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Constructing Awareness Through Speech, Gesture, Gaze and Movement During a Time-Critical Medical Task

  • Zhan ZhangEmail author
  • Aleksandra Sarcevic
Conference paper

Abstract

We conducted a video-based study to examine how medical teams construct and maintain awareness of what is going on in the environment during a time-critical, collaborative task—endotracheal intubation. Drawing on a theme that characterizes work practices in collaborative work settings—reading a scene—we examine both vocal and non-vocal actions (e.g., speech, body movement, gesture, gaze) of team members participating in this task to understand how these actions are used to display status of one’s work or to acquire information about the work status of others. While each action modality was helpful in constructing awareness to some extent, it posed different challenges, requiring team members to combine both vocal and non-vocal actions to achieve awareness about each other’s activities and their temporal order. We conclude by discussing different types of non-vocal actions, their purpose, and the need for computational support in this dynamic work setting.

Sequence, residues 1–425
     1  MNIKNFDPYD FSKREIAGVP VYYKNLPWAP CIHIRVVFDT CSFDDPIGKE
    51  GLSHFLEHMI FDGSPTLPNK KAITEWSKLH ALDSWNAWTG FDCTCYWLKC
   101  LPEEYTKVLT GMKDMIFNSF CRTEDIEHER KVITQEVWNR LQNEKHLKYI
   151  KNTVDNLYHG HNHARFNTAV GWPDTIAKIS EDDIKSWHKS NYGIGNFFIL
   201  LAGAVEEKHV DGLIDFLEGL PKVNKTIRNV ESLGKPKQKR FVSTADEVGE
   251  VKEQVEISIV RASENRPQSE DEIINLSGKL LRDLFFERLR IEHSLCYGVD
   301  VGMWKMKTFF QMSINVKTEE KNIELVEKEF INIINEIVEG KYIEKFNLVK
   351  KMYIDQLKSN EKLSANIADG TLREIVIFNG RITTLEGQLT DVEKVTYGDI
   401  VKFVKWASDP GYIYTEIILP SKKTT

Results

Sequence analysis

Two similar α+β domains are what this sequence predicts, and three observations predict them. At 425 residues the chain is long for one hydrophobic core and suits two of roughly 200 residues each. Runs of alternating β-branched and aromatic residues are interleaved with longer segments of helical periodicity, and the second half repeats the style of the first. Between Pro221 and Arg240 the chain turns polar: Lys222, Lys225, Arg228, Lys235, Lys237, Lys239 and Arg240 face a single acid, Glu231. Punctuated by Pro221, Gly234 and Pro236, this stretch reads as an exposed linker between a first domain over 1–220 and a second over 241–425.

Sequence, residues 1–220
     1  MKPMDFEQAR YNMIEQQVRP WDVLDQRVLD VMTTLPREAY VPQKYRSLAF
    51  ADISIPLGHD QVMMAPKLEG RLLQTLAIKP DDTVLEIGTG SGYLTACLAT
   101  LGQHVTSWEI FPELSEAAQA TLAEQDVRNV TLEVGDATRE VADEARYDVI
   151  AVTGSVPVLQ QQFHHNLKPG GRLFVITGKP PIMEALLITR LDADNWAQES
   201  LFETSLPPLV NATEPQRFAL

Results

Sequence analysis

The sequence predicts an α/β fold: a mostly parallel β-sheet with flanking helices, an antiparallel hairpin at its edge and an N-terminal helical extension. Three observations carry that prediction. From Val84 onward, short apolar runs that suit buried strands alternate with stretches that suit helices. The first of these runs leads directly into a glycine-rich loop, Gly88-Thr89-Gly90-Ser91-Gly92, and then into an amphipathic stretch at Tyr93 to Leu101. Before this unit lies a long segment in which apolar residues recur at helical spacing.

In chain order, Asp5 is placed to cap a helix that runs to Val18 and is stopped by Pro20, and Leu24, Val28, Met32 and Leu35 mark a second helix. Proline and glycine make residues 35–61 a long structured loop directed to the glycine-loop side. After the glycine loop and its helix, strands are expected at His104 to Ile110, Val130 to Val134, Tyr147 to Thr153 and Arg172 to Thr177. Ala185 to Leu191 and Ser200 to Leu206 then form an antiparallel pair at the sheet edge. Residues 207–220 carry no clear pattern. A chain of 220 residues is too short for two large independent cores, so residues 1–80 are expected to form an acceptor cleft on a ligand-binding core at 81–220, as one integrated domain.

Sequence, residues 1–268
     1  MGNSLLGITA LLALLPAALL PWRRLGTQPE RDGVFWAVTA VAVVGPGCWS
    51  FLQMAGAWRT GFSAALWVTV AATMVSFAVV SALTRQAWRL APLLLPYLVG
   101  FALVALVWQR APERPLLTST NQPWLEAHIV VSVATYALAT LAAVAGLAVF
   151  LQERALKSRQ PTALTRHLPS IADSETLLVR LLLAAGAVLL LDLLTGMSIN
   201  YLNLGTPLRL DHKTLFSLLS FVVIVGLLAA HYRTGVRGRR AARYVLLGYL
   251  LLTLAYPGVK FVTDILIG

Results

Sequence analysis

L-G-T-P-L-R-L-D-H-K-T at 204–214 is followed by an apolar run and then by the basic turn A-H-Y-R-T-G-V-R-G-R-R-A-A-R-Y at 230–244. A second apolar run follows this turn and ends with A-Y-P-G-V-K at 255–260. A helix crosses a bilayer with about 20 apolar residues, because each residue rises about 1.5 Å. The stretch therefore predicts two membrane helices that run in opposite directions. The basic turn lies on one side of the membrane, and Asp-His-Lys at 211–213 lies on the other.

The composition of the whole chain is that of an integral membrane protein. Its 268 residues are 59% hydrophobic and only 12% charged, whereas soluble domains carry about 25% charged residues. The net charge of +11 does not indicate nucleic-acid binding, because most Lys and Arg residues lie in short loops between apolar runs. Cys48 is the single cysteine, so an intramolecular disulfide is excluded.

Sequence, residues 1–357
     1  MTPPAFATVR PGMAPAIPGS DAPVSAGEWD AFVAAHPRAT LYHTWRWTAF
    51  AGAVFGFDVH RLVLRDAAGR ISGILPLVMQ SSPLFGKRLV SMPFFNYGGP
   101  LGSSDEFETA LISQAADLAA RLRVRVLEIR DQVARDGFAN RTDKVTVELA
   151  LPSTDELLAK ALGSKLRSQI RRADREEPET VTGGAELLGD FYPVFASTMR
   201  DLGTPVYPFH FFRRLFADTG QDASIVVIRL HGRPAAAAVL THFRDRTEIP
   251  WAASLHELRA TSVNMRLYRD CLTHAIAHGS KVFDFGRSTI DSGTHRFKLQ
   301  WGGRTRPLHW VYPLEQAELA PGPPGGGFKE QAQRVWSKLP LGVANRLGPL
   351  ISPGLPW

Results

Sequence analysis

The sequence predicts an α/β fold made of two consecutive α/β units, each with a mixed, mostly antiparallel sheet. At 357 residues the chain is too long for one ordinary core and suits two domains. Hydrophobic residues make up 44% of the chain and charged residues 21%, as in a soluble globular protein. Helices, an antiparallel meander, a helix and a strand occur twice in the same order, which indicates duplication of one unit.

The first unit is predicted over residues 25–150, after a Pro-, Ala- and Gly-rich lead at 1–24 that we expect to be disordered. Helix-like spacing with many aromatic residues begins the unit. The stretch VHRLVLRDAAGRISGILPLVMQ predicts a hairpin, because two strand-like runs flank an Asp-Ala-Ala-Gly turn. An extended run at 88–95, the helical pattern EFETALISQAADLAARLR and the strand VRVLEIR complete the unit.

Keywords

Team Member Respiratory Therapist Emergency Medical Team Trauma Team Bedside Nurse 
These keywords were added by machine and not by the authors. This process is experimental and the keywords may be updated as the learning algorithm improves.

Notes

Acknowledgments

This work is supported by the National Science Foundation under Grant No. #1253285. We would like to thank our research team members for their support, as well as to the medical staff at the research site for their participation. Thanks also to the anonymous reviewers for their constructive suggestions and recommendations.

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Copyright information

© Springer International Publishing Switzerland 2015

Authors and Affiliations

  1. 1.College of Computing and Informatics, Drexel UniversityPhiladelphiaUSA

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